So Rob Stewart, a man who just died in the ocean, a place that he dearly loved and appreciated, was a hero in my eyes. He was a champion for sharks and for our ocean ecosystems, and his film led to a ban on shark finning in many countries around the world. He changed the way people who saw the film will think of sharks for the rest of their lives. He was working on a new film when he died – something that he hoped would have spread more knowledge and info to help people better understand how we humans can change the world via the environment for better or worse. He certainly changed the world for the better by bringing to light some of the worst, and his energy and spirit and light that shone so brightly upon this planet will be greatly missed. ????

    You can read all about “Sharkwater” on the website if you want (, but more importantly, you should watch it.

    Michelle Abriani 3:30 am on February 5, 2017
  3. Rob was one of a shining star among the many warriors who fight for animals all over the world, a true inspiration, he will not be forgotten.
    Repose en paix.

    Helene Defossez 3:43 am on February 5, 2017
  4. If I could make half the impact, accomplish half the feats and inspire half of the people that Rob did in my lifetime I would be so incredibly proud. This man makes me proud to be a conservationist, a scientist and a Canadian. We’ve lost an incredible man, however his legacy is unforgettable. Happy Diving, Rob.

    Sydney Trimming 3:46 am on February 5, 2017
  5. I only got to know about Sharkwater and Rob not long ago.
    I just wish that his legacy will continue, and I just would like to add that people like Rob make me feel proud of being a Human Being. His work has already inspired many like me, and we know he will be among us forever.
    Thanks Rob!

    Lluís Torrents 5:35 am on February 5, 2017
  6. A truly inspiring person, his legacy will live on.

    Catherine Forshall 5:46 am on February 5, 2017
  7. Thanks to Rob for telling the true story of sharks what beautiful creatures they are and showing the world how to understand and see the beauty in what they fear the most. Although it is sad that he has passed before his time, the thought of him being forever in the ocean swimming with the sharks he loved so much is such a beautiful image. Thoughts to his family at this difficult time.

    Amy 5:59 am on February 5, 2017
  8. always the best of us died first…
    rest in peace !

    a fan 6:07 am on February 5, 2017
  9. Thank you for opening our eyes, and the people around us. We will always remember you en keep spreading your message. Rest in peace.

    Liselot 7:10 am on February 5, 2017
  10. I miss the words to express what I feel.
    I am a biology student from Austria and although I have never met Rob Stewart personally I am deeply sad about his death.
    What he has set in motion must not be stopped.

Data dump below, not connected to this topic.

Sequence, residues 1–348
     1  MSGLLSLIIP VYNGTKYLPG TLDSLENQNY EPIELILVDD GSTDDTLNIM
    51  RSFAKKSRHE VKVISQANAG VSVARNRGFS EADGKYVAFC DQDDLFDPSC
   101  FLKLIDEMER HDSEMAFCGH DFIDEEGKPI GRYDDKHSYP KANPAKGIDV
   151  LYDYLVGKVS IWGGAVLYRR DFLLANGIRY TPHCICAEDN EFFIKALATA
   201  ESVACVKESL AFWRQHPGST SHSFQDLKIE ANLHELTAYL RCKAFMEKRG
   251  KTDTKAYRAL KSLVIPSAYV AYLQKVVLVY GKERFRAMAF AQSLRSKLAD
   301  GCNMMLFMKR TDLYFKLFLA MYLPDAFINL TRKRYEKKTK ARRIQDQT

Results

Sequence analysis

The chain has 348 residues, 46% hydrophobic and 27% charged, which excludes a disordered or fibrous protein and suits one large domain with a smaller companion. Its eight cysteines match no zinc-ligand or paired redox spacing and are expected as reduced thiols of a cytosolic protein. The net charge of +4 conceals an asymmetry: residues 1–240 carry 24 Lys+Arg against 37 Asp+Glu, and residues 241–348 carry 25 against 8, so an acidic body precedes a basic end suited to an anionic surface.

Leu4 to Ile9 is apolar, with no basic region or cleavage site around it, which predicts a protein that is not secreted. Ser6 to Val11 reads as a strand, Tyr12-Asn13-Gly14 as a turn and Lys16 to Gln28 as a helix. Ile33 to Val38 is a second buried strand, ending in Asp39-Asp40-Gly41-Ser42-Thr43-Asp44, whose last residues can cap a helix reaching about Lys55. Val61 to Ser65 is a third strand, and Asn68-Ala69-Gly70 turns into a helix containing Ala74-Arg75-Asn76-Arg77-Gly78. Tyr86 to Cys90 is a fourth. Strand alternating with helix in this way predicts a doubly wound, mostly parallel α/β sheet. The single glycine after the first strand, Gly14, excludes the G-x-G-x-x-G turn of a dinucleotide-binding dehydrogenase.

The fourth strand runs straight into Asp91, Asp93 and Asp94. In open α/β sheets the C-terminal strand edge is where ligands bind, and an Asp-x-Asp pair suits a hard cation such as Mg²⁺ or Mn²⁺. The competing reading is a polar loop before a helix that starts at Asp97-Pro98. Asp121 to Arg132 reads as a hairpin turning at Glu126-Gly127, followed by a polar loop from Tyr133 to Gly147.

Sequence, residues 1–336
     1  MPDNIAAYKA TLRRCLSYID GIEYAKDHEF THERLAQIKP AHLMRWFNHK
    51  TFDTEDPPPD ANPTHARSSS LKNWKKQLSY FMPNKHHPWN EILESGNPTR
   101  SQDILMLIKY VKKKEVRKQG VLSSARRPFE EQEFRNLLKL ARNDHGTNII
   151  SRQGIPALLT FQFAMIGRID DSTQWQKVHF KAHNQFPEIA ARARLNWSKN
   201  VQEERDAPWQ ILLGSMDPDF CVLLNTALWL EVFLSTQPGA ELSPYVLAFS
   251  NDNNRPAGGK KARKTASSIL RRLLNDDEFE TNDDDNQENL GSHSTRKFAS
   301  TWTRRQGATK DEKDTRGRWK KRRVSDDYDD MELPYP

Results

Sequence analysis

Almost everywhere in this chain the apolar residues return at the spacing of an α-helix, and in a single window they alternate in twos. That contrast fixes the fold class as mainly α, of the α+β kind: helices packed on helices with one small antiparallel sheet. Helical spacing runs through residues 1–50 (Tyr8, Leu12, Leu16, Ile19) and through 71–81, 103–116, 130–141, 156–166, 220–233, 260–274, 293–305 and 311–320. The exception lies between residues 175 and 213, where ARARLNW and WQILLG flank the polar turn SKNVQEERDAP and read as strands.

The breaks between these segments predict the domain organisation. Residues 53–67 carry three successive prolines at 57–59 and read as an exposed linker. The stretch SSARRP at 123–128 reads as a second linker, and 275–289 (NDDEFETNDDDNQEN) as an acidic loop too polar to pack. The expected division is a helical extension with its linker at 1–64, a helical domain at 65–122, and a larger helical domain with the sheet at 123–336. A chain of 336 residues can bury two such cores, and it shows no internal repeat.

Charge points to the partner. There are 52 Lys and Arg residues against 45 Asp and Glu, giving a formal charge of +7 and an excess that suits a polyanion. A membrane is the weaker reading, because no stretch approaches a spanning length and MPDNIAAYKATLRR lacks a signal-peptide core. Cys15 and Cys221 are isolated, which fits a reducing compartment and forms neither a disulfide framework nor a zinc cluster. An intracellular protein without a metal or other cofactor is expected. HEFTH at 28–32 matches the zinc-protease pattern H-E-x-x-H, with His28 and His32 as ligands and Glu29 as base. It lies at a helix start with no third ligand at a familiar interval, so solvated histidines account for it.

It is not only a loss for our seas, but also a great loss for humanity.
    Rob, I am deeply grateful to you for all you have done for us, and I hope that all your deeds will continue to make waves So that people can awaken from their sleep, because together we can be the tsunami of change.

    – Deborah

    “For what is it to die but to stand naked in the wind and to melt into the sun? And when the earth shall claim your limbs, then shall you truly dance.”

    – Kahlil Gibran

    Now you are dancing with the Sharks…

    Deborah 10:24 am on February 5, 2017
  11. We did not know Rob personally, but having watched his Amazing works and bringing his message into our home as a family unit, gave us all the bonded/united sensation that he was the goodness that can be found inside each and every one of us. A true advocate for the underdog and the world. His message rings loud and clear to those of us who care about the world we live in and All its many creatures within it. We all have purpose in this Life, His message and cause will live on eternally.

    We are incredibly sorrowed by this news and wish to offer our Prayers of Comfort, Strength and Healing to all Family and Friends.

    God Bless you All. Thanks Rob x

    Tiffany Veeneman 10:39 am on February 5, 2017
  12. My sister introduced me to Sharkwater when I was a teenager, and it had a profound impact on me. I had no idea such atrocities were happening every day and I was outraged. Rob completely changed my view on sharks & marine protection. I went to see Rob speak a few times, and every time I left feeling passionate and empowered to make positive change in this world. I was so heartbroken to hear the news of his passing on Friday night. It feels so unfair that someone who has worked so tirelessly for the greater good should be taken from this world so soon. I can’t imagine how his family must be feeling right now, but I want to send all my love, thoughts, prayers and positive energy to them during this difficult time. While Rob may be gone, his work will live on. We need to make the world fin free, and I think we can collectively make that happen in our own communities in honour of Rob.

    Kaley Fitzsimmons 10:59 am on February 5, 2017